an apprehensive marmot

Zsuzsu

Senior Member
Hungarian
Hi all,

I don't know if the word "apprehensive" is the most accurate in my sentence:

"Since the marmot is apprehensive, the hunter often has to fire from a long distance at the animal looking out of its cave."

Is this word OK, or shall I use something else: shy, fearful, whatever...?

Thanks a lot!
 
  • Aardvark01

    Senior Member
    British English (Midlands)
    Apprehensive sounds fine to me. You could use 'cautious' or 'timid' but they wouldn't be better.
    I would put 'so' before apprehensive to intensify the meaning:

    Since the marmot is so apprehensive/shy/timid....
     

    ewie

    Senior Member
    English English
    Hello Zsu. Personally I prefer timid ~ it is the nature of marmots* to be fearful: this is covered by timid. For me apprehensive suggests that marmots are fearful of something in particular ("Oh dearie me, I feel like I'm going to get shot today, I'd better not look out of my hole ... ").

    *I presume that when your text says the marmot it is referring to marmots in general, rather than a specific marmot.
     

    se16teddy

    Senior Member
    English - England
    Yes, I would prefer timid or fearful . Apprehensive suggests a considerable amount of foresight and consciousness - a level of intelligence that is not normally attributed to marmots.
     

    Aardvark01

    Senior Member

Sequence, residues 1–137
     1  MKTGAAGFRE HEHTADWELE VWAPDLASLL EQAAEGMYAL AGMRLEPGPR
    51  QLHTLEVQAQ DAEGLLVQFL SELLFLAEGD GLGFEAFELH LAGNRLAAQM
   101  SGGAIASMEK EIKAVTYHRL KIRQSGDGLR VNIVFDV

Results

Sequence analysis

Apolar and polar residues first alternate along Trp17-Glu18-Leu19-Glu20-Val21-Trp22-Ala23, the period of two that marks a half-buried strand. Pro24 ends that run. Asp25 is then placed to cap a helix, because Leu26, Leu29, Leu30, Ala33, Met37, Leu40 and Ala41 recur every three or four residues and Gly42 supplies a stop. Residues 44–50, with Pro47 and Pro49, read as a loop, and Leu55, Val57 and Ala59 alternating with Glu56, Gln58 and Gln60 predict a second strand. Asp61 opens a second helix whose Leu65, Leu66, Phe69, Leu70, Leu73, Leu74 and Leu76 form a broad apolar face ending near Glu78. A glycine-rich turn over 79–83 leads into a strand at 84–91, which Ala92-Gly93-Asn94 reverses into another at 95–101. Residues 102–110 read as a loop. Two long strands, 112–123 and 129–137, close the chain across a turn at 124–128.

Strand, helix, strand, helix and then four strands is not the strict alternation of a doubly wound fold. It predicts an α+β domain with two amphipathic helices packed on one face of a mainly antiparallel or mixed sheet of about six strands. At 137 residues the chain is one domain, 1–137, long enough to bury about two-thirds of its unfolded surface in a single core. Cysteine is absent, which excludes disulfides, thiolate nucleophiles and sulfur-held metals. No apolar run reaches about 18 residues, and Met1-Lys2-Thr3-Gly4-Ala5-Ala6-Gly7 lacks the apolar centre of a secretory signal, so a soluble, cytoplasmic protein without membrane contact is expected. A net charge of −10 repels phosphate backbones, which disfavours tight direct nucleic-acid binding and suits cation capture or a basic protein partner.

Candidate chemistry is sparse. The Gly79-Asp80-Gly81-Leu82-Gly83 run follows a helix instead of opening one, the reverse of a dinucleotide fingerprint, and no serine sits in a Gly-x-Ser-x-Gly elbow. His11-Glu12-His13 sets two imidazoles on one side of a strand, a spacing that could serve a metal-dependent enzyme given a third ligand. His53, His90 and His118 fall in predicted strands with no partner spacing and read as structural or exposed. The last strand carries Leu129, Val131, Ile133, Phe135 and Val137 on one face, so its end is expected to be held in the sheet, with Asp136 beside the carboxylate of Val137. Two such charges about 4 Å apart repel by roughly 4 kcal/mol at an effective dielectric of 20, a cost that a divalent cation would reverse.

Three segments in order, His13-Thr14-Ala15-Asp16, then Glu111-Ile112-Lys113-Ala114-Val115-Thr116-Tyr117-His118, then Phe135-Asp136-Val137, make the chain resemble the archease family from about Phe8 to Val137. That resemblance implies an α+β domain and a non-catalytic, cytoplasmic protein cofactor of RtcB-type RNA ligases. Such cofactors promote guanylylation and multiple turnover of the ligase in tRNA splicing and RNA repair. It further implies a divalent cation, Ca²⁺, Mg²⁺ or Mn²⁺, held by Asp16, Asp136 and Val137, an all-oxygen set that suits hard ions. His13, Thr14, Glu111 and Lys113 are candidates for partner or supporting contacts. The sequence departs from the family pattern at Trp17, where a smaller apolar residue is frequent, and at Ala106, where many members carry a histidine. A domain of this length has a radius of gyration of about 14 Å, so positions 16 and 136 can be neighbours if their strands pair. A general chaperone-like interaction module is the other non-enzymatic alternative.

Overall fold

British English (Midlands)
    Yes, I would prefer timid or fearful . Apprehensive suggests a considerable amount of foresight and consciousness - a level of intelligence that is not normally attributed to marmots.
    You are confusing apprehension with comprehension.

    Marmots do not literally have the intelligence to comprehend the specific danger posed by a man with a gun so far away, yet they still behave in a manner that we call apprehensive because they do apprehend the danger. They're quick to sense danger, even if they don't understand what it is.

    I would suggest the degree of anthroporphism expressed by 'apprehensive' is actually less than calling marmots 'shy' or 'fearful'. Do marmots blush and go quiet at parties? Do they see a doctor about their nerves?:p
     

    snozboz

    New Member
    English - British
    I would go with 'timid' as well. It's not exactly that 'apprehensive' suggests a human-like level of intelligence, but it's more that the word suggests that there is a reason for the behaviour that is specific to the situation rather than a general characteristic.

    Your sentence does make sense. However I feel it doesn't scan as well as it might because the hunter is introduced between the marmot being introduced and then later referred to as "the animal" and "it's [cave]" right at the end of the sentence.
     
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